Officials: Personal responsibility key in curbing crime at Morton Simpson Village

By Joseph D. Bryant

The Housing Authority of the Birmingham District

Housing Authority President and CEO Michael Lundy said the success of the neighborhoods depend heavily on neighborhood involvement. (Provided photo)
Housing Authority President and CEO Michael Lundy said the success of the neighborhoods depend heavily on neighborhood involvement. (Provided photo)

Residents of Morton Simpson Village and the surrounding Kingston neighborhood agreed: they must work with the same vigor they had when successfully demanding a new fire station now to address crime in their community.

The Housing Authority of the Birmingham District (HABD) brought together city leaders and police officials to present an update on crime fighting activity and get firsthand input from Morton Simpson residents.

“We’re going to attack this issue like we did the fire station, and that’s with all of us working together,” said Councilman William Parker, whose district includes Morton Simpson.

Both Parker and Mayor William Bell referenced plans for the new Kingston fire station and reminded the audience that it shows what can result from their activism and participation.

The meeting, which was held on Nov. 3, was the second in a series of community gatherings presented by HABD. The first town hall meeting was in October at Marks Village in the Gate City Community.

“We know who is bringing turmoil into this area,” Bell said. “By working together and using all of our resources, we can make things happen. I’m here to be supportive and do whatever I can do as your mayor.”

Several updates were presented: A gunfire detection system, gun buyback, and tighter police enforcement of the youth curfew.

The gunfire detection system will be expanded to cover the area of Marks Village in the Gate City neighborhood. ShotSpotter, a system of sensors used by the Birmingham Police Department to locate gunfire, is expanding to include the east Birmingham community this month. Coverage already includes Morton Simpson and nearby Tom Brown Village, officials said. The system has proven to be a vital tool in investigating criminal incidents, police said.

The gun buyback is set for Saturday, Nov. 19 from 9 a.m. to 12 p.m. at both Morton Simpson Village and Marks Village. No questions will be asked, and up to $50 cash will be paid for the firearms.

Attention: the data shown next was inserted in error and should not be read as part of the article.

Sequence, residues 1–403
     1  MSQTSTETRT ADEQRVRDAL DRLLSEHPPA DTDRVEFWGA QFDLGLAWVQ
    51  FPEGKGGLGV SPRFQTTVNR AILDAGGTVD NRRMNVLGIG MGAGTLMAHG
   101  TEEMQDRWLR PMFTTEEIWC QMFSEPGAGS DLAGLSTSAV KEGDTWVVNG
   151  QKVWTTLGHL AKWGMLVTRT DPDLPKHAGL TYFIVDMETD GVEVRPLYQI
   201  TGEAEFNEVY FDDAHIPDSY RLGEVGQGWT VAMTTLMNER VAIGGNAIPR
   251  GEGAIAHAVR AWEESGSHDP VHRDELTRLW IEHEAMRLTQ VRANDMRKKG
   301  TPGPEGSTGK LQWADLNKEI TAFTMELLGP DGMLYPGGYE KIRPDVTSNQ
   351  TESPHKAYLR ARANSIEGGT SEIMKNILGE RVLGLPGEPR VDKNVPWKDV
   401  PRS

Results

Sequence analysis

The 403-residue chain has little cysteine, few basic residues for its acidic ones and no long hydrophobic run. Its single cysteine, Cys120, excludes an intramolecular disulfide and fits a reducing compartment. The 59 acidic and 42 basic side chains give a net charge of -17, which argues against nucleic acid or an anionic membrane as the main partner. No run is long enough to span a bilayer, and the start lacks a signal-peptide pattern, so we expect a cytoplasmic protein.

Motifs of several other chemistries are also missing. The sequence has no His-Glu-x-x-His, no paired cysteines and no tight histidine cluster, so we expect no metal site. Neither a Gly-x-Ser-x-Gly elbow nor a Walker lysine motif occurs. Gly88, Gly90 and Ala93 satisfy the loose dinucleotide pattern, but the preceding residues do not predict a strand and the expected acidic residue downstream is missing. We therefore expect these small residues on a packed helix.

There is no single solution and each initiative works to support the other, said Michael Lundy, President and CEO of HABD.

“We all must stand united against anything that threatens the peace and quality of life in our communities,” Lundy said. “Our success depends heavily on neighborhood involvement.”

The housing authority recently unveiled a multi-point security plan that includes hiring a director of public safety, a zero tolerance policy for guns, increased police patrols and a call for greater resident engagement.

Lundy said infrastructure improvements are coming to Morton Simpson, but “what good is all that if the community is not safe?”

“Chief A.C. Roper and his staff are working closely with the housing authority to tackle crime in our communities and in seeking new ways to address and reinforce public safety,” Lundy said. “This is our job, this is our responsibility and we will not back down.”

The town hall meeting came at the invitation of Eldridge Knighton, president of the Morton Simpson Village Residents Council.

Knighton delivered a blunt assessment regarding safety in the area and called for greater self-responsibility among residents. Knighton, who was also raised in the area, said he could remember at least a dozen homicides.

“I know the truth about what’s going on in this community,” he said. “I’m fed up. Something has to be done.”

He also dismissed notions that violence is imported by outsiders as a flimsy excuse. Rather, Knighton said, the ‘outsiders’ are usually friends and relatives of residents.

“You are accountable for your guests,” he said. “How many ‘outsiders’ come in? They have to know somebody. I will work hard for my people, but I will not be a fool.”

Devoris RaglandPierce, BPD crime prevention officer, offered her support in establishing a community watch program. She underscored other speakers who urged greater community participation.

“You are here because you want your neighborhood to be safe,” she said. “You have to be mindful of who you let into your community. It doesn’t matter whether you live in Greystone or here – this is your home.”